The theme of this year’s World Water Week in Stockholm is Water and Food Security, so discussions of PepsiCo’s work to conserve resources in agriculture are front and center.
On Monday, PepsiCo and the Columbia Water Center (CWC) at the Earth Institute, Columbia University convened a panel titled Water and Energy Efficiencies in Food Supply Chains: Leveraging Partnerships. We started the discussion by describing PepsiCo’s ReCon program, which focuses on identifying, quantifying, and prioritizing opportunities to conserve resources in our operating plants. We then devoted most of the session to the conservation challenges and opportunities in our agriculture supply chain.
Ian Hope-Johnstone, director of agricultural sustainability, described the actions PepsiCo and our partners have taken to improve India’s potato productivity while using less water; our collaboration with the Inter-American Development Bank in supporting Mexican sunflower farmers; and i-crop, a system that allows integrated management of water, nutrient, and crop practices appropriate to a farm’s specific climate and geography.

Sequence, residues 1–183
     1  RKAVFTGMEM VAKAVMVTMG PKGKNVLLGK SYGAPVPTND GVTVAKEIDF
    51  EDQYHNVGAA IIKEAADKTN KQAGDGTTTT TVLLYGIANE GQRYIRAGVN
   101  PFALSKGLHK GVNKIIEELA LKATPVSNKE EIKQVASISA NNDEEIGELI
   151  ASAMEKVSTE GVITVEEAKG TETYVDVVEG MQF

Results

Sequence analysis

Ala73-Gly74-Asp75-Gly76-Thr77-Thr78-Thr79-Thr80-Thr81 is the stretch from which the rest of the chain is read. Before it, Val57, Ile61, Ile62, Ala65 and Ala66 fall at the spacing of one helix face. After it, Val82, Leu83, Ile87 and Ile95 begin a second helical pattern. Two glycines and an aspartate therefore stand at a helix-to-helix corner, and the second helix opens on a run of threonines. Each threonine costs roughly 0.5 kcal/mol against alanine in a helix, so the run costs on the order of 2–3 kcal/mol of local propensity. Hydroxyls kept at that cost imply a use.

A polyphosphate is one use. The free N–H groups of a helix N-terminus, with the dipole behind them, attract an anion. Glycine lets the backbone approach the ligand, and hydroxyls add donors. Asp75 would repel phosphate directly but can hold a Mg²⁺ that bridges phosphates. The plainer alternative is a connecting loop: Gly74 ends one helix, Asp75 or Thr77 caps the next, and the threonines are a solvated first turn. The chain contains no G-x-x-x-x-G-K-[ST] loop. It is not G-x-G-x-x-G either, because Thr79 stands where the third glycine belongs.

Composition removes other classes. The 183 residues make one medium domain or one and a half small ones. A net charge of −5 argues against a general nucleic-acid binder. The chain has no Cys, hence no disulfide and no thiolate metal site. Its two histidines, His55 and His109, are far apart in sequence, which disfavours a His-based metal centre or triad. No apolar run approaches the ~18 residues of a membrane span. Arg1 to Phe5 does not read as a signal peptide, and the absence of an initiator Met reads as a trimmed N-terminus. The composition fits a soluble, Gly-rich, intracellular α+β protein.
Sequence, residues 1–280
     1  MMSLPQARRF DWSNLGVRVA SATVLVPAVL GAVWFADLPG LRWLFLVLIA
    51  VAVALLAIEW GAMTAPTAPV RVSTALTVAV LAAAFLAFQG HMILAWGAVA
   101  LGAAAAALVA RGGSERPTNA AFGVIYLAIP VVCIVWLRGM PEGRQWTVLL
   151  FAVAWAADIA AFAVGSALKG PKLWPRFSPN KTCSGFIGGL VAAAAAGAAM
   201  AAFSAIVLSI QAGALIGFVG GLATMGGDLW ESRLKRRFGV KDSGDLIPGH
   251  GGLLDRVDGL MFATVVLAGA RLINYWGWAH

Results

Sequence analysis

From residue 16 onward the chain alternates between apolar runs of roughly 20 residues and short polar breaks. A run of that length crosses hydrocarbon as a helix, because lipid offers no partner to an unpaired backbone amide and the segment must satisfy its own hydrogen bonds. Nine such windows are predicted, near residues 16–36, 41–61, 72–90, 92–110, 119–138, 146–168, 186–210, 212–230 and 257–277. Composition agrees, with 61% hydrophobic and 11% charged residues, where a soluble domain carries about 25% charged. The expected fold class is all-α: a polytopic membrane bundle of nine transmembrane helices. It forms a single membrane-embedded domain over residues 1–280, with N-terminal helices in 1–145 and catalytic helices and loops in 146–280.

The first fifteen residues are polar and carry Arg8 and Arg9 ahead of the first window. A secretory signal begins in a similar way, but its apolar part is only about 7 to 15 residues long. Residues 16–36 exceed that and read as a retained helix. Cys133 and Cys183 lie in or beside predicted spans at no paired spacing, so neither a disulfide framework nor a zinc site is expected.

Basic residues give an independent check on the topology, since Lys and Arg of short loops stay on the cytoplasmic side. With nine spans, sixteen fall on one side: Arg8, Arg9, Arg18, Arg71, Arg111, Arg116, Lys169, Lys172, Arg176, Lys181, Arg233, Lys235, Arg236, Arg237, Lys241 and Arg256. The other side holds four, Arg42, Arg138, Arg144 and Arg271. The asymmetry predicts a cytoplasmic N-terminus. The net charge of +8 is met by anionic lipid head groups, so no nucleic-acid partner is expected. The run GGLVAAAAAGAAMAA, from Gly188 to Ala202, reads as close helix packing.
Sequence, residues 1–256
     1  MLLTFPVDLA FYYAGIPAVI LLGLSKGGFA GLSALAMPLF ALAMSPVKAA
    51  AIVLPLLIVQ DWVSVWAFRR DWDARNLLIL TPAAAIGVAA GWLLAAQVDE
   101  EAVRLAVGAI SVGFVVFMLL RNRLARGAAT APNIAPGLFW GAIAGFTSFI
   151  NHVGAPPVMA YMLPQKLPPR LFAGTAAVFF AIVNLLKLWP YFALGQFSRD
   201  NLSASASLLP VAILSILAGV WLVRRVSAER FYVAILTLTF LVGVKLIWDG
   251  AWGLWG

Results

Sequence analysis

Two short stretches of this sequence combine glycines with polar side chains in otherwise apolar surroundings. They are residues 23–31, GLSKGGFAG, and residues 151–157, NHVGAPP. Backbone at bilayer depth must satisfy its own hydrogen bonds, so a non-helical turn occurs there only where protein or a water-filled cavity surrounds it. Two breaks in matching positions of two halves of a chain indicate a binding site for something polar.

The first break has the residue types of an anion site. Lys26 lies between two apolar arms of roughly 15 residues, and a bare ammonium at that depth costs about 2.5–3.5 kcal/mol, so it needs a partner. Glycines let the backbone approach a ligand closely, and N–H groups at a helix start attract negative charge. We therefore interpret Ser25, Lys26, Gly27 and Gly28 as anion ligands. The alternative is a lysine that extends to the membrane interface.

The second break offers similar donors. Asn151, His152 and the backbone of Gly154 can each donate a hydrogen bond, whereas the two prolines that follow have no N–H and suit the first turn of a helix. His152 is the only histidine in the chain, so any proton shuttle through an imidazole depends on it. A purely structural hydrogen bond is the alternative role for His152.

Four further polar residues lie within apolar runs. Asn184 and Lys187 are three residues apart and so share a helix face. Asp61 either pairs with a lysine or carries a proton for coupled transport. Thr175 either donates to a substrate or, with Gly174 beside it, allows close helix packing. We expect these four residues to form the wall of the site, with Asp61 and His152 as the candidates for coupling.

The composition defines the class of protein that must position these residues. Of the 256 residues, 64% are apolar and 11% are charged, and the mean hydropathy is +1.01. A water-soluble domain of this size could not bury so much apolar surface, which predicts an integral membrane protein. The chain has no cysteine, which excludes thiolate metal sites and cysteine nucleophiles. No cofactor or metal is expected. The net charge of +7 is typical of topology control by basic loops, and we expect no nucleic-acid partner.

Professor Upmanu Lall, director of the Columbia Water Center focused his presentation on the challenges and successes the Center has faced in working with farmers in India to ensure that their crops get exactly the right amount of water – not too little and not too much. He described a variety of different moisture sensors, with costs ranging from more than $250 to less than $10. The more economic ones use simple, affordable technologies to show farmers the level of water in the soil.
Both presentations showed the impact that PepsiCo, in collaboration with our partners, have already had, as well as the incredible opportunities that lie ahead to make our water management processes and tools even smarter and more efficient, while benefitting local farmers and their communities.